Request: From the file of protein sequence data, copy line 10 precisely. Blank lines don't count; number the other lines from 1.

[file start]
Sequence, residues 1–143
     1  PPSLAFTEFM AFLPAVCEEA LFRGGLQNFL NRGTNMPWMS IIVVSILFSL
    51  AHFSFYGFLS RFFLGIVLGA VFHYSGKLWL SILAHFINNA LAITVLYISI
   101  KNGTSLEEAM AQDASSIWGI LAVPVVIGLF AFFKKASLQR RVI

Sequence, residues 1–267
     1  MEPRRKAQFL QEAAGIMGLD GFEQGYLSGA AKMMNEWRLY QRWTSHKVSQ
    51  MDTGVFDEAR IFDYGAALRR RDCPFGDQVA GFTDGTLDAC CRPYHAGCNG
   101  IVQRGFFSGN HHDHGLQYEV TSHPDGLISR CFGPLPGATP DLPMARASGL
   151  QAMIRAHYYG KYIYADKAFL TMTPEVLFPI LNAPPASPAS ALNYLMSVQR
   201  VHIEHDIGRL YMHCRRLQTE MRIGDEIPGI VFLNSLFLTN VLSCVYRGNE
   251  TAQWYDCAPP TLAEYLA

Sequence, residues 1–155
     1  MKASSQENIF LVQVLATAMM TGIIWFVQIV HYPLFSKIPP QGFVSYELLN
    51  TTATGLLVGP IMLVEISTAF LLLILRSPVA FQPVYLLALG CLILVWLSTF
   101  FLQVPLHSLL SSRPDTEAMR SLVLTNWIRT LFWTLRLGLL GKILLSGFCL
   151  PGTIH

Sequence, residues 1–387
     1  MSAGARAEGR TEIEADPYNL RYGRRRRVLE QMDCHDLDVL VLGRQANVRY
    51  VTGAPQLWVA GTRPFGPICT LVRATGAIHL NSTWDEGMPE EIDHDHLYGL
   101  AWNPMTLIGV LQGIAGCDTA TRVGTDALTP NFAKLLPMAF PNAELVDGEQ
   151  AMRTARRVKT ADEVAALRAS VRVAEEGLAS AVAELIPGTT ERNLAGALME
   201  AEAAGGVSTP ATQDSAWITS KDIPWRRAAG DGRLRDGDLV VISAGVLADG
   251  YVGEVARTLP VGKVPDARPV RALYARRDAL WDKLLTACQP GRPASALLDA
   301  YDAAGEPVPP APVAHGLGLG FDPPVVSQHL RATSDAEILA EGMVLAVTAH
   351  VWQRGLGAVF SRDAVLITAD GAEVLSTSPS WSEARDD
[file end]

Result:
   201  VHIEHDIGRL YMHCRRLQTE MRIGDEIPGI VFLNSLFLTN VLSCVYRGNE